Prior to COVID-19, which shut down prisons and jails to visitors, many individuals would take Fox’s course for up to a year, but according to Fox, the response is dose-dependent, and at least 6 months is needed to see lasting effects. Williams notes further that California voters acted in 2017 to create incentives for people who qualify and participate in rehabilitative programs. If they join PYP for 26 weeks, they can shave 2 weeks off their sentence, she says.

Since COVD-19 restrictions began, Fox has updated his initial book and co-authored a new book released in February with PYP’s European director, Josefin Wikstrom, geared to the special needs of female prisoners. PYP has continued to hold virtual training classes for instructors and held a series of webinars. Unfortunately, most prisons and jails do not have the technology to do Zoom classes or something similar, both Fox and Williams report. In her downtime, Williams has corresponded with her class members by mail and is working on her doctoral dissertation, a mixed-methods study looking at the application of trauma-informed yoga for men who are incarcerated and studying the effects on increasing their interoceptive awareness, dispositional mindfulness, and psychological wellbeing.

The gold standard for determining the effectiveness of PYP would be recidivism rates, but Fox notes that no prison or jail has been willing to share records for people in their custody because of privacy concerns. However, two Swedish studies for programs in which PYP’s Wikstrom was involved have shown that yoga is effective for reducing psychological distress levels in people in prison and has a positive effect on considerable risk factors associated with recidivism. A study of the psychological benefits for women who are incarcerated and involved in PYP in South Carolina showed that yoga “is a relatively inexpensive intervention that could benefit both [people who are incarcerated] and prison staff by reducing some negative behaviors and possibly mental health problems.” And a study conducted by the National Council on Crime and Delinquency that looked at the Insight Prison Project that initially hosted PYP reported that PYP participants experienced the following:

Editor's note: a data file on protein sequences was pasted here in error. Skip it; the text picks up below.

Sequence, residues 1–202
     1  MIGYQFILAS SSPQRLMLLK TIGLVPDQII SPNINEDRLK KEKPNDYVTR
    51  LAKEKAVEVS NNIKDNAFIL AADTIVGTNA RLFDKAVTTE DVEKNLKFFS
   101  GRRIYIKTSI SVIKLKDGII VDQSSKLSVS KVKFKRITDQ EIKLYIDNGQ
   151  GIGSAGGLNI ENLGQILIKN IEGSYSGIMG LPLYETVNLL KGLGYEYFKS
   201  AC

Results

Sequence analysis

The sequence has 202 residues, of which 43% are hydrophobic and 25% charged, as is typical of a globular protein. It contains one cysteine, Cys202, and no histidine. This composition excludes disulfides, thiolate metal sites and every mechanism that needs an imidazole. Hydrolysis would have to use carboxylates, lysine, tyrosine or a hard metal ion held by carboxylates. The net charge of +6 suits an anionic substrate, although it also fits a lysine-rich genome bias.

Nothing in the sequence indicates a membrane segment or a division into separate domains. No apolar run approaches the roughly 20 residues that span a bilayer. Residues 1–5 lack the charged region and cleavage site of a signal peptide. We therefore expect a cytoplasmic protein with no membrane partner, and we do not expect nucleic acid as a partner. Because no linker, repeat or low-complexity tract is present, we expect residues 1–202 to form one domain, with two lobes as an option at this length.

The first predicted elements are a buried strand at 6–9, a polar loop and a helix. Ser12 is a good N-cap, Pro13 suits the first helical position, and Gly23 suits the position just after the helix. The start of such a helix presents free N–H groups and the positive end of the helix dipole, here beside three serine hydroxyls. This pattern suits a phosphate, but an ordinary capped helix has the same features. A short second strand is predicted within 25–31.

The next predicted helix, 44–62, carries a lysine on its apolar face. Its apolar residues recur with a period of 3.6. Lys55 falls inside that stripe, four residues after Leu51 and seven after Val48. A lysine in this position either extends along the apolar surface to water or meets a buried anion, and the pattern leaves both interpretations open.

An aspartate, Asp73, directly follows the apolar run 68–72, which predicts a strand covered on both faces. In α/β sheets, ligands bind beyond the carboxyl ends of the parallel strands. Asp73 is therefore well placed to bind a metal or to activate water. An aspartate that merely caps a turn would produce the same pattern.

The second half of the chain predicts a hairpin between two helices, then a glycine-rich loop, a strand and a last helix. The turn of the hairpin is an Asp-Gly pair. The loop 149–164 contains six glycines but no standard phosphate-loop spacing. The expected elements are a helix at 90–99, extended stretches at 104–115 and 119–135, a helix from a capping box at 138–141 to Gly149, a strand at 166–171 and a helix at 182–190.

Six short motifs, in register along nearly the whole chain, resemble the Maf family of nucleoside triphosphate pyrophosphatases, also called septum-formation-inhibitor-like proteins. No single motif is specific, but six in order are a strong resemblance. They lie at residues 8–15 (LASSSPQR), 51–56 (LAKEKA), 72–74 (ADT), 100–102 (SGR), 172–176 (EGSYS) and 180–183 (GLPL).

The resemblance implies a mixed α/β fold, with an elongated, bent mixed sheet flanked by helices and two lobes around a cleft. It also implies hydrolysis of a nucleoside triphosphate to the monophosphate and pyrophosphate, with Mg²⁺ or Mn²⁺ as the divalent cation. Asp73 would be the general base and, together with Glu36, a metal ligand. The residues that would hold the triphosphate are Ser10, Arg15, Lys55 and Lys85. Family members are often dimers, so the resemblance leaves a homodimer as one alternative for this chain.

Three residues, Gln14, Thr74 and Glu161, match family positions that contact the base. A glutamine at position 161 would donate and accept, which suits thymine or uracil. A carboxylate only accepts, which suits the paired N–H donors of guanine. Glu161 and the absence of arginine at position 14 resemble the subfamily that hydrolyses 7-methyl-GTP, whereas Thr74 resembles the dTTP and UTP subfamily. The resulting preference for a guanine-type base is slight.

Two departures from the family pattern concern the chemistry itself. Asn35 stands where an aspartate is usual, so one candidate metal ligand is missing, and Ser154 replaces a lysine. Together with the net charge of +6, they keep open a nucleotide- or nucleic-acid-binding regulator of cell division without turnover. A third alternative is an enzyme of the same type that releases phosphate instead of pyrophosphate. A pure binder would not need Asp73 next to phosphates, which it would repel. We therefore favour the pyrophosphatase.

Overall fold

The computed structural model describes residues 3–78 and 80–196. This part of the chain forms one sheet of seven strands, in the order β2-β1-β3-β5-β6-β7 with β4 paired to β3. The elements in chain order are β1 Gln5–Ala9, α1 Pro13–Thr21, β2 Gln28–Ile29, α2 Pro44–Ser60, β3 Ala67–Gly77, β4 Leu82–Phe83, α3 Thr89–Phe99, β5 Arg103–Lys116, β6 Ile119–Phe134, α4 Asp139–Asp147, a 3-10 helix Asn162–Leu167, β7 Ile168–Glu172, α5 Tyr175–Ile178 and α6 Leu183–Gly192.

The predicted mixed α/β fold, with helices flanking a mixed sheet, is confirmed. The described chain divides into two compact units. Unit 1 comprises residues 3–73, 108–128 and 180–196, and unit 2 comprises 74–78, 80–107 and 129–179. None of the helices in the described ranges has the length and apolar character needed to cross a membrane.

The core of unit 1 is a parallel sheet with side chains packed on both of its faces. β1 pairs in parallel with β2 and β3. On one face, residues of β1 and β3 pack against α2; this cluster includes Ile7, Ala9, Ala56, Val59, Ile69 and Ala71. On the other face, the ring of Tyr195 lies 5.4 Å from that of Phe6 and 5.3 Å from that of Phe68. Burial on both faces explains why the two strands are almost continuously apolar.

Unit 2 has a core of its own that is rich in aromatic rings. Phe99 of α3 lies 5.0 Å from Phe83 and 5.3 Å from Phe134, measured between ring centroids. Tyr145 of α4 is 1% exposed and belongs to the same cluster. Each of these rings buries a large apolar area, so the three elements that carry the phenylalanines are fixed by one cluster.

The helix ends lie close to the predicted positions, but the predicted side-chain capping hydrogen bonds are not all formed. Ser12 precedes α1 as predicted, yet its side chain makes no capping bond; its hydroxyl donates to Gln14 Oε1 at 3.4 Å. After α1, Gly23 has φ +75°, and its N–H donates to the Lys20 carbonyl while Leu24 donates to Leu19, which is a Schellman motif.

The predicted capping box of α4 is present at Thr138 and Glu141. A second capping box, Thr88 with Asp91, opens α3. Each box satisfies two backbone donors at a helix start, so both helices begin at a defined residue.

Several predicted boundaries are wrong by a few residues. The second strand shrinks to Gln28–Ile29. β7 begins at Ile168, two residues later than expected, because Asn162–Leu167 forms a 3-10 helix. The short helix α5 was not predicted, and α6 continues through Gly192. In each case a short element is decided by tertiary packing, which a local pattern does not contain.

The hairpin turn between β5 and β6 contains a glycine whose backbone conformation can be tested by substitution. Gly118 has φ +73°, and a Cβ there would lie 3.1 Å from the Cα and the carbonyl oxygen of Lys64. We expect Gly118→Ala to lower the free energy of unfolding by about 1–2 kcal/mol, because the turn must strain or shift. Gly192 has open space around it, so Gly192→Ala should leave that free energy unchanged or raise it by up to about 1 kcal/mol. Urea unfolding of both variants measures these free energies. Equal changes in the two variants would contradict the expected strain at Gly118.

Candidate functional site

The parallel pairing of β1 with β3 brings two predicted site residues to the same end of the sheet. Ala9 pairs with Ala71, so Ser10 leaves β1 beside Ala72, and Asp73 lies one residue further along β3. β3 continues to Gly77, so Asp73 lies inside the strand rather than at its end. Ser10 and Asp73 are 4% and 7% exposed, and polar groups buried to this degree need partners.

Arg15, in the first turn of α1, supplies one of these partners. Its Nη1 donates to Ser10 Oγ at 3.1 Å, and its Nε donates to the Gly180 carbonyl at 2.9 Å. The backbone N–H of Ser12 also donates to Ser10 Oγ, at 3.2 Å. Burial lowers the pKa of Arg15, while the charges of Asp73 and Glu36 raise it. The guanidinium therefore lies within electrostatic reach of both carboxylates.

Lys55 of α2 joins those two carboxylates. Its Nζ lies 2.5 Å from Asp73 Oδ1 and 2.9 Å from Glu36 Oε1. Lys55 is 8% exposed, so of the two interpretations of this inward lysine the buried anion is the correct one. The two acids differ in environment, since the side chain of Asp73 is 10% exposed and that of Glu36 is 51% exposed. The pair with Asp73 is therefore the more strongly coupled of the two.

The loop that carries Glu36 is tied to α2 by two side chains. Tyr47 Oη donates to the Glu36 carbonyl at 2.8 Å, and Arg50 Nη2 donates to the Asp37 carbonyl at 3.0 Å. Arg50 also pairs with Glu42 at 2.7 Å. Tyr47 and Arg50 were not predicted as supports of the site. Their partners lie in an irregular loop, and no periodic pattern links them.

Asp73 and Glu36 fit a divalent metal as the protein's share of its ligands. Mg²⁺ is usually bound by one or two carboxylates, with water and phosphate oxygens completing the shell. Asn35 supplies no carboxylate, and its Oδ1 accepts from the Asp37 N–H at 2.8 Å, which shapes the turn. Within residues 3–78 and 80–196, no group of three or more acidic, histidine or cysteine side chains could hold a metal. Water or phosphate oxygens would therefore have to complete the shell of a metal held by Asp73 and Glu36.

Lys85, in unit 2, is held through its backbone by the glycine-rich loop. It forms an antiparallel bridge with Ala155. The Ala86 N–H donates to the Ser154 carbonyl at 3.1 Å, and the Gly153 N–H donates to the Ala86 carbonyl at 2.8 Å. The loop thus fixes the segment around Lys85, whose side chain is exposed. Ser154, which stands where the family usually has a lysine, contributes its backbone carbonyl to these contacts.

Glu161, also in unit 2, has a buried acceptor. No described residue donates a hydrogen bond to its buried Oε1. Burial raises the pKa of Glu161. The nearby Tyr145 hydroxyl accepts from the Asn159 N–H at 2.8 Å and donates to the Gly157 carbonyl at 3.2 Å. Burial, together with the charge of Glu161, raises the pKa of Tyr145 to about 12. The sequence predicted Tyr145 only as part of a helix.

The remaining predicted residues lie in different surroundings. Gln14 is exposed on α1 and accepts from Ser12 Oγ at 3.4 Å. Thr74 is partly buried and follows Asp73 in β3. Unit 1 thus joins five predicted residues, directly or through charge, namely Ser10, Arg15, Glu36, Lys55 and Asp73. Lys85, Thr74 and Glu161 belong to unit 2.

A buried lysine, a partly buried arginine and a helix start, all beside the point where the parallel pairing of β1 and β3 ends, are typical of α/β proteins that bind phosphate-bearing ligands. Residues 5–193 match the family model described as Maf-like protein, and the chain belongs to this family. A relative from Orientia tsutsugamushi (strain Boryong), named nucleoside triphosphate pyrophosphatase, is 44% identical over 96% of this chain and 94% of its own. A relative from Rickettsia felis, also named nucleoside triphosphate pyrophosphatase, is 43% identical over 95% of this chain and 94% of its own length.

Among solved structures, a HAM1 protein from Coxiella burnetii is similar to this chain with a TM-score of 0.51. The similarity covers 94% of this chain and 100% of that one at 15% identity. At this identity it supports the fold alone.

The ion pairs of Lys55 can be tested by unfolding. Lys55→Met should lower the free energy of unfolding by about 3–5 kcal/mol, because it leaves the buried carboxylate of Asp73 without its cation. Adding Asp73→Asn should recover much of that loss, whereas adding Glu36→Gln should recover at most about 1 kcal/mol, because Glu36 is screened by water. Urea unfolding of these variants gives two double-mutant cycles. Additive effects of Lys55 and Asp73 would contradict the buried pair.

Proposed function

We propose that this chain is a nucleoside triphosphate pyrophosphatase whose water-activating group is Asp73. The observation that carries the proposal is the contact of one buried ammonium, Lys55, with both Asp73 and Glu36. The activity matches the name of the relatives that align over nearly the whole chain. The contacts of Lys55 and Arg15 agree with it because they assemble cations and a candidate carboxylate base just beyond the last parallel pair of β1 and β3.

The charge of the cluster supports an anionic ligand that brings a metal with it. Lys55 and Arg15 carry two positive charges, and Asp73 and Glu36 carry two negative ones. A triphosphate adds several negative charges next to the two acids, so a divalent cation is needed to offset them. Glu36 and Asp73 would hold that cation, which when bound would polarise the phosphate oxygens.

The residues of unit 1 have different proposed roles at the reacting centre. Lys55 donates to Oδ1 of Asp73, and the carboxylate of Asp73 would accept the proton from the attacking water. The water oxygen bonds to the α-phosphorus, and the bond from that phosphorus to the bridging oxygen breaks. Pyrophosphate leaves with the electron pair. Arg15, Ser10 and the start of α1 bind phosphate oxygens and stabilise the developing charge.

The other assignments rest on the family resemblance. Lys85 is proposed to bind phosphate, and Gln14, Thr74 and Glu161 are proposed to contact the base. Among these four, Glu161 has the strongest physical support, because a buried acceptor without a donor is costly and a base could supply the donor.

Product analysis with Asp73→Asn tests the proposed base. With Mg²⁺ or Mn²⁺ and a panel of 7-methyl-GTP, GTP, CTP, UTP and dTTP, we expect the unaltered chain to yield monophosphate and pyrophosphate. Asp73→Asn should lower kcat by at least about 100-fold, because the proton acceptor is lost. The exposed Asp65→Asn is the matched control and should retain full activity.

• A reduction of stress and anxiety
  • Calmer temperament
  • Emotional control and anger management
  • Improved rational decision making
  • Reduction of chronic physical pain

Neither Fox nor Williams is surprised by these results. They see the physical and psychological changes in the people they serve. One man walked into class with two canes and left without using them, Williams reports. “Then there are some individuals who really speak to the inner transformation that’s taking place for them,” she adds. “Talking about how they’ve been able to actually apply this, the teachings, in real life. Even if they can’t recall a specific yoga pose, they can remember to breathe.”

Finally, both Fox and Williams want people to remember the prejudice faced by individuals who have experienced incarceration. “They’re human beings,” Fox says. With 9 out of 10 individuals who go through incarceration returning to the community, Fox sees an advantage to restorative justice, rather than a punitive approach. Williams wants to see more small businesses hire individuals who have been incarcerated and says fellow community members can participate by welcoming these people home.

For more information about PYP, see https://prisonyoga.org/. For training opportunities, visit https://community.prisonyoga.org/courses/incarceration-trauma-and-yoga/.